Sandy made landfall in southern New Jersey Monday evening, bringing with it the anticipated severe storm surge and flooding, along with widespread power outages from strong winds.
This morning, what was Sandy is now a sizeable winter storm centered over Pennsylvania. It still has significant winds and those strong winds now extend from eastern seaboard to the Great Lakes. Enough onshore wind exists to produce coastal flooding, but nothing like what occurred yesterday. After the winds, the remaining impacts from Sandy will be very heavy snow in the Appalachians and spotty flash flooding from locally heavy rainfall. By Wednesday, it will have weakened considerably and will be producing more typical winter storm weather for the northeast U.S. and Canada.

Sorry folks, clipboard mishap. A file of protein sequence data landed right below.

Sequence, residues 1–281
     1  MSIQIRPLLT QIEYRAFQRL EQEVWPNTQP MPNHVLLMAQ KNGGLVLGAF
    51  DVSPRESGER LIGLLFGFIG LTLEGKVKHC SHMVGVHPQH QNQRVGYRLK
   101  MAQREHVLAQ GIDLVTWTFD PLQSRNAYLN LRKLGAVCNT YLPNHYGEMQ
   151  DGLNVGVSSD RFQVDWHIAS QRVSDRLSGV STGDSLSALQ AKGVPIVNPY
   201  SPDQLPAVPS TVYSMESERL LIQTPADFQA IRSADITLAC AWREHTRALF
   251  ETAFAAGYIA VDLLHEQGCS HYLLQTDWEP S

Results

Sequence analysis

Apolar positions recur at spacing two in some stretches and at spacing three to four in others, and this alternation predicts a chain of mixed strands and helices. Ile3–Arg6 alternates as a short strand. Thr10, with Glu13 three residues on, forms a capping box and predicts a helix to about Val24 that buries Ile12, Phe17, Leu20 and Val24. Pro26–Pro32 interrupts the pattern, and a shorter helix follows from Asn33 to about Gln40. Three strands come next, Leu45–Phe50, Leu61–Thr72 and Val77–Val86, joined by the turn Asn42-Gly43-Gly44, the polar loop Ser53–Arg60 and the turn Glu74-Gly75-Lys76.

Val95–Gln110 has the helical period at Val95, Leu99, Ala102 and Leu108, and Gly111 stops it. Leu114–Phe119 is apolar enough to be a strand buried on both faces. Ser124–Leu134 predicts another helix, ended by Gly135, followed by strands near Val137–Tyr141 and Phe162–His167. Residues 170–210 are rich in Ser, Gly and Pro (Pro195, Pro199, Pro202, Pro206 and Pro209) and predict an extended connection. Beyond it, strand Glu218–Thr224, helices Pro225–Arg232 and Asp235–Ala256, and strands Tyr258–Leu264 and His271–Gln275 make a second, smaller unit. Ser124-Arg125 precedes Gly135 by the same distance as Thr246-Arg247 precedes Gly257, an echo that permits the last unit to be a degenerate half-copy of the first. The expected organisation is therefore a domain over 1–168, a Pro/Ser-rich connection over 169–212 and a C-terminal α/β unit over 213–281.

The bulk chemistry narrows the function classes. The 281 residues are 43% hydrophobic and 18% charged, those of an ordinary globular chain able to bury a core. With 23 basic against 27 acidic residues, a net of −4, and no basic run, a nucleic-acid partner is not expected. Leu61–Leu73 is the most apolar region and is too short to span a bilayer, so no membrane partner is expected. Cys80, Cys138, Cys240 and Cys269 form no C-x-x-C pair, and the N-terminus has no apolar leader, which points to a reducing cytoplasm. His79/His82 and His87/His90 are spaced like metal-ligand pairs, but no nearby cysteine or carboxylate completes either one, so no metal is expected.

So today begins the recovery. Damage will be assessed, power and transportation restoration will be a priority, and the clean up will begin. Because so much property was in the storms path, the damage will be high. Early estimates of insured losses are in excess of $10 billion.
As we in southeast Texas learned from storms like Ike and Allison, recovery is a marathon, not a sprint.
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